Fisheries Victoria stocks the reservoir annually with several thousand brown trout and rainbow trout.
The master plan included work to significantly improve fishing facilities for recreational anglers, making the environment safer, reducing environmental damage and providing greater access, including for people with limited mobility.
The work was funded through the Victorian Government's Recreational Fishing Grants Program, has included:
Historically, Konongwootong has been an important fishing location. As a spring-fed water resource, it is more immune to the impact of drought than many other local waterways.
In a letter to The Argus newspaper in July 1932, the president of the Coleraine Angling Society, Mr W.C. Walters, explained how rainbow trout fry were first released into the reservoir in September 1927.
It was decided that no fishing would be allowed for three years, but the growth of the fish was so apparent that angling was permitted on the opening of the season on September 1, 1929.
In January, 1930, a trout weighing 9lb. 12oz. was caught. This fish was two and a half years old, and is claimed as a world's record. The fish was blocked in ice and sent to London, where its age was proved, and now it is in the British Museum.
The top weight of trout caught up to the close of last season was 10lb. 3oz., a fish landed in January, 1931. The remarkable growth of these fish is attributed to the presence of an unlimited food supply of minnows and vegetable matter.
Further evidence regarding size was furnished by members of the Ballarat Acclimatisation Society, who, when stripping trout in November 1931, netted a trout which turned the scale at 13lb.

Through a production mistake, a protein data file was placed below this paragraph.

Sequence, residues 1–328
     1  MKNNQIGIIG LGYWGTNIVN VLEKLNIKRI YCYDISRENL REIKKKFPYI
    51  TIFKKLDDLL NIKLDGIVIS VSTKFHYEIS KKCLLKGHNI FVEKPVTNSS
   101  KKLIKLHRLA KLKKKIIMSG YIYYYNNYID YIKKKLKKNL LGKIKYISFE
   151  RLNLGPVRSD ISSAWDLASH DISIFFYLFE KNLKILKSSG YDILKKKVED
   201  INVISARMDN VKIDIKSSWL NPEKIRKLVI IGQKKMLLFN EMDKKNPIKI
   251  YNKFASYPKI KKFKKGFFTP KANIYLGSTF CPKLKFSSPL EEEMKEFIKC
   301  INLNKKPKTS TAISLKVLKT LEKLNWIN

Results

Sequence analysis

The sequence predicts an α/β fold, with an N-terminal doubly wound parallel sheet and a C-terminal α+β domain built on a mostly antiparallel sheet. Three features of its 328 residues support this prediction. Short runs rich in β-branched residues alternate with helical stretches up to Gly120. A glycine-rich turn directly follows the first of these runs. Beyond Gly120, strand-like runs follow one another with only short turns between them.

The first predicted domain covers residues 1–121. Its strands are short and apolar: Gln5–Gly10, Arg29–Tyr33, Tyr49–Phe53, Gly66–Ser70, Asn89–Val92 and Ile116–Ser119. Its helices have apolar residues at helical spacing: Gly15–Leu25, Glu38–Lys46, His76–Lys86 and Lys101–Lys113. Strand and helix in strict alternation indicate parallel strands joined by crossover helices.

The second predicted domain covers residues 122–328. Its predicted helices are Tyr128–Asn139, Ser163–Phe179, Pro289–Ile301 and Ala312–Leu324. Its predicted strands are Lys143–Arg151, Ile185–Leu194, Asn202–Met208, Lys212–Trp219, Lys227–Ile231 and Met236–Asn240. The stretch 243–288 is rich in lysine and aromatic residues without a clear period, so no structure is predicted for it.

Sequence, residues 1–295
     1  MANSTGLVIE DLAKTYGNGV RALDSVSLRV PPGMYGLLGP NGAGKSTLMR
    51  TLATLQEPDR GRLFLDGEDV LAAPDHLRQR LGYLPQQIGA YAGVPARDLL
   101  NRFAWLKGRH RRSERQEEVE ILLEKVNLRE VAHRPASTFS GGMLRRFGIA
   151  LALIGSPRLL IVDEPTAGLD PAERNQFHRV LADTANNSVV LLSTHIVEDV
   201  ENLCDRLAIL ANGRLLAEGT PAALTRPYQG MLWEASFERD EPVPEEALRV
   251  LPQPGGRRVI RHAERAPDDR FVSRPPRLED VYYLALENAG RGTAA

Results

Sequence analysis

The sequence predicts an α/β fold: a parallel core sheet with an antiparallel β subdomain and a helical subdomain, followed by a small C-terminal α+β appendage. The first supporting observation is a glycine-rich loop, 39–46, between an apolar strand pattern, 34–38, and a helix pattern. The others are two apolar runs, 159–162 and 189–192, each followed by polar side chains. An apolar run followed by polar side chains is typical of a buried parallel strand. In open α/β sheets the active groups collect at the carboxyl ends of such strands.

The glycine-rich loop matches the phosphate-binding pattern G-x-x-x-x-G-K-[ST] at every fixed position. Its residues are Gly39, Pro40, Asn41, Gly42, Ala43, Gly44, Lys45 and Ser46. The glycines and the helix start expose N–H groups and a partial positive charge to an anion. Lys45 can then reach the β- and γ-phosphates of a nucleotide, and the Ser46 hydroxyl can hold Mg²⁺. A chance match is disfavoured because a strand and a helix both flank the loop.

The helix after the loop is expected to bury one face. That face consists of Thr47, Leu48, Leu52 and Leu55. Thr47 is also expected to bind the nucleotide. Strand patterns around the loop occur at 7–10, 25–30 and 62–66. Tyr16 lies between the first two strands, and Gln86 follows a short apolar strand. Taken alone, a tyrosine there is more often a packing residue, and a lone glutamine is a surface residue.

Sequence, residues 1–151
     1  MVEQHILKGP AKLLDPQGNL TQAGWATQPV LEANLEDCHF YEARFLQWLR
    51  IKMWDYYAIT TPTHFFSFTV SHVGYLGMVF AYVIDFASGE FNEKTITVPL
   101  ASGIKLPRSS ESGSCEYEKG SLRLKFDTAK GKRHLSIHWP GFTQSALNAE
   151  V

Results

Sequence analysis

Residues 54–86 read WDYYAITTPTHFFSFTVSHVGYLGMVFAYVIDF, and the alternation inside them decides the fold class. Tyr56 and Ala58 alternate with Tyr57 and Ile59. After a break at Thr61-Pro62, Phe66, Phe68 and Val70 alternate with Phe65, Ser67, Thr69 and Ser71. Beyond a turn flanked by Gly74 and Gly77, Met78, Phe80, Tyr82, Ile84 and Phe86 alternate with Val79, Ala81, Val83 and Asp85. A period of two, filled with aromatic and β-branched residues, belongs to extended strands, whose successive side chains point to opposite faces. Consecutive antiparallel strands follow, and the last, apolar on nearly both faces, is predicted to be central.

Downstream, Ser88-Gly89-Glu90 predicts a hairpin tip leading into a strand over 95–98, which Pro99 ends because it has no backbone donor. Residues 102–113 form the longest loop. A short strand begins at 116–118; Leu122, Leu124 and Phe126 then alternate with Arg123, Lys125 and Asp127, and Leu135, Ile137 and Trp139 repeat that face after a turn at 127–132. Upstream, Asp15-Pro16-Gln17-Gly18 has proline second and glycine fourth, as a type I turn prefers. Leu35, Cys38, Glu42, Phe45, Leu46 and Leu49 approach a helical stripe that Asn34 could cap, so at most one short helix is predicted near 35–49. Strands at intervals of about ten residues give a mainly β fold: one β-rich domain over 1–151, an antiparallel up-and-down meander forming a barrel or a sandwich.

Konongwootong Reservoir is a natural catchment not fed by any streams, and there is positively no doubt that the fish caught are those which were liberated as fry in 1927.
The reservoir hosted the Victorian Fly Fishing Championships on numerous occasions and was cited as one of Victoria’s top trout fisheries during the 1940s and 1950s.
As a permanent body of water, the Konongwootong Reservoir provides important habitat for many species of migratory birds.
The site has been identified as providing potential habitat for the critically endangered Golden Sun Moth (Synemon plana), although recent surveys conducted at the reservoir have not recorded the species at the site.
The site also contains some remnant grasses and other indigenous species. There are examples of the rough-barked Manna Gum or White Gum (Eucalyptus viminalis) and Australian Blackwood (Acacia melanoxylon).
The area is dominated by stands of mature Pine trees (Pinus radiata), most of which were planted during the 1920s.
How to get there?
Konongwootong Reservoir is located 11 kilometres north of Coleraine via the Edenhope-Coleraine Road. Click here for a map.
The main entry points are off Reservoir Road, along the southern side of the site. There is a second access off the Coleraine-Nareen Road on the northern side of the reservoir.